DO NOT GO GENTLY... I should have held off and used the "lawd, mo drama" tag line up here, because there's been a bit of that in the last day or so. I want to go back to Sunday for a moment to give some context to my upcoming comments. During the dinner for Maureen Seaton, we (meaning me, Cherryl, Cecilia, Lisbeth and Kodac) fell into a conversation about whether we worried about offending or alienating people with our words or comments, both in poetry and in our ongoing mission to "de-clique" the poetry community in Atlanta. We all agreed that we will not be quiet and we will not keep our mouths closed. You have to be willing to take risks with your art and to further art in general.

That same evening, Kodac mentioned an article Teresa Weaver had written for the cover of the Atlanta Journal/Constitution's Arts section. It was basically a review of David Bottoms' new book, but it went on for hundreds of words, not talking about the poetry community here in the city, but quoting Nikki Finney and NEA director Dana Gioia about poetry. The article pissed us all off a bit because there are poets in this city who have national and international reputations. Several of us wrote letters to Teresa taking her to task for this and encouraging her to delve more deeply into the poetry scene rather than looking elsewhere. Teresa wrote me back and said she planned to do a larger piece in the spring, which was encouraging. She basically admitted she was trying to review Bottoms' new book, but the AJC doesn't publish reviews of poetry, which is moronic. While I don't have a problem with Bottoms' work, his commitment to the greater community is sorely lacking. If I've heard tales of him not showing up to readings, I've heard it a hundred times. When he read at the Poetry at Tech festival in 2003, he breezed in, read for 20 minutes, and left. No interaction at all. That doesn't speak well for the state's poetry ambassador now does it?

I sent out an email to people in my address book encouraging them to write their own letters to the AJC. One of the responses I received back boggled my mind. I like this poet, but the response was indicative of something very wrong in the poetry community. The response was supportive of my letter campaign, but the poet also mentioned that they didn't do "self-promotion." This brings me back to a rant I had on the blog a few months ago: if you're not going to "self-promote" your work, who do you expect will? If you're writing for yourself, that's fine, but if you want a wider audience to connect, you are going to have to get up from the desk and do some work. There remains this stigma that any poet who self-promotes is unseemly and not a "real poet." This misconception is not only a lie, it's just plain bullshit. It reminds me of a poet here in Atlanta who was bitter about not receiving any recognition, but then admitted they had done nothing to further their own career. Whether you do spoken word and free verse or write in formal or "academic" styles, getting your work to an audience is not unseemly or wrong, in this day and age it's VITAL.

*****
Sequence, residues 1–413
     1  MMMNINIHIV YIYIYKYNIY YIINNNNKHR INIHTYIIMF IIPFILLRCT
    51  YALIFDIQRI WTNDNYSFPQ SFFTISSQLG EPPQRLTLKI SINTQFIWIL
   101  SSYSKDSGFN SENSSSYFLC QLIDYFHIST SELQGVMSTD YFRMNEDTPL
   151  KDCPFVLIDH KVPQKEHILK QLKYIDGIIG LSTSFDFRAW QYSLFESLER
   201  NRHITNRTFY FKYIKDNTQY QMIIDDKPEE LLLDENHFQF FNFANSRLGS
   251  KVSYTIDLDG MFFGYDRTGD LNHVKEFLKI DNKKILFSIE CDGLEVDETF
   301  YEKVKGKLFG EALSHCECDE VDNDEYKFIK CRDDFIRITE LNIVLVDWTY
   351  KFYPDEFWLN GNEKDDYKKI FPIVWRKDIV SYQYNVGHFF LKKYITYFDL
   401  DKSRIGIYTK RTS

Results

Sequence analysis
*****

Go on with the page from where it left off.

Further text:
That brings me to last night, I found out that local poet Bob Giannetti had read my blog and was very upset about me calling him out. I wrote the post months ago and don't feel like searching for it now, but I basically chastised him for not being more supportive of all poetry in the community. He seemed to have no problem dismissing the art of spoken word and questioning the need for a slam team, but gets his back up when someone challenges him. I would have been happy to discuss it with him. Instead he tattled like a schoolboy. Since you've found your way to the blog, Bob, I'm still waiting for the call, email, smoke signal, carrier pigeon. I believe you are a man of reason, Bob, and I would hope you would have the respect, or at least the nerve, to talk to me directly rather than through a third party. I await your communication. My personal email address is at the top of the page.

I am working with a group of people who are moving the world of poetry FORWARD in the city of Atlanta. This is not a clique. We want the doors of poetry thrown wide open to anyone who wants to participate...regardless of your style, your education or experience. We have no plans to be quiet or kiss ass to bring our message to the community. I encourage all the poets in Atlanta to let go of your prejudice, your fear, your preconceived notions and join the evolution.


BLUE said…
woahhhh ... now you've really got a file (and a followiing). i hear so much frustration in this post. it's warranted, mind you. but we've got so much more work to do. let's hope the city/world of Atlanta is ready for it and us. if they aren't, too damned bad. the guard (if there truly ever has been one) is changing, and i love it! light! ~BLUE
Anonymous said…
LOVE IT!!!!!!!!!!!!!!!!!!!!!


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